Miles Davis, Antibes, France, 1963
Miles Davis was a restless innovator, controversial celebrity, and the dominant jazz figure of the second half of the 20th century. Like Picasso, he never stood still artistically. Instead, Davis explored a series of styles: bebop, cool jazz, hard bop, modal jazz, and jazz-rock fusion. The dozens of musical masterworks he and his bands created won accolades from fans, critics, and musicians around the world.
Join John Edward Hasse, longtime curator of American music at the Smithsonian’s National Museum of American History, as he recounts Davis’s struggles against racism, convention, and his own demons. In a talk highlighted by clips and music recordings, Hasse presents such musical gems as Boplicity, ’Round Midnight, Summertime, So What, and Footprints. He also highlights film footage of Davis recording his haunting soundtrack to Elevator to the Gallows and his last public performance, at the 1991 Montreux Jazz Festival. While emphasizing his acoustic, pre-1969 music, Hasse also explains the genius behind Davis’ 1970 landmark album Bitches Brew, signaling a growing interest in the jazz-rock genre.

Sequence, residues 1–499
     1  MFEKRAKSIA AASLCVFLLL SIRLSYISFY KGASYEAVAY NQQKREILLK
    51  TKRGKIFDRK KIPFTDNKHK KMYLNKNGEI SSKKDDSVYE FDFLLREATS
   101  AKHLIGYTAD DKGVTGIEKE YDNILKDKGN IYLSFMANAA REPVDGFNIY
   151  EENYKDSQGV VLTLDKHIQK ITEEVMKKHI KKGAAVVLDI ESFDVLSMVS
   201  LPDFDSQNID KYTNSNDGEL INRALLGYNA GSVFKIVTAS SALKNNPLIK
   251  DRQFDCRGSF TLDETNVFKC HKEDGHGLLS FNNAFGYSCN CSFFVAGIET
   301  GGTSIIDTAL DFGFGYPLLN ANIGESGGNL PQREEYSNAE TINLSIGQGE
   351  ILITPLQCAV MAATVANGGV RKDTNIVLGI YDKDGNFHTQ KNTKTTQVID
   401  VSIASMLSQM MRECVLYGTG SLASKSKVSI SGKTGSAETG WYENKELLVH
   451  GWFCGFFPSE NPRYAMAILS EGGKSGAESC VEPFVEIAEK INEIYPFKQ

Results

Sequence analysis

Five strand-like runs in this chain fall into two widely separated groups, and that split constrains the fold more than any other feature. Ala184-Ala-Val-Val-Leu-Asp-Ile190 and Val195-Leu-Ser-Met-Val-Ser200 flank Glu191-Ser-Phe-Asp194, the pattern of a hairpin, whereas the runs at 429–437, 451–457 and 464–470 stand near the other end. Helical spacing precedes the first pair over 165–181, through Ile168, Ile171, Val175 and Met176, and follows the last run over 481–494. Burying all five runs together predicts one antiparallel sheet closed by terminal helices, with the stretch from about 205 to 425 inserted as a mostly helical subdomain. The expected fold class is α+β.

Hasse also places Davis’ musical contributions in the context of such other giants as Louis Armstrong, Duke Ellington, and Dizzy Gillespie. And he relates the story of how Davis’ artifacts came to the American History Museum.
Hasse’s books include Beyond Category: The Life and Genius of Duke Ellington and Discover Jazz.
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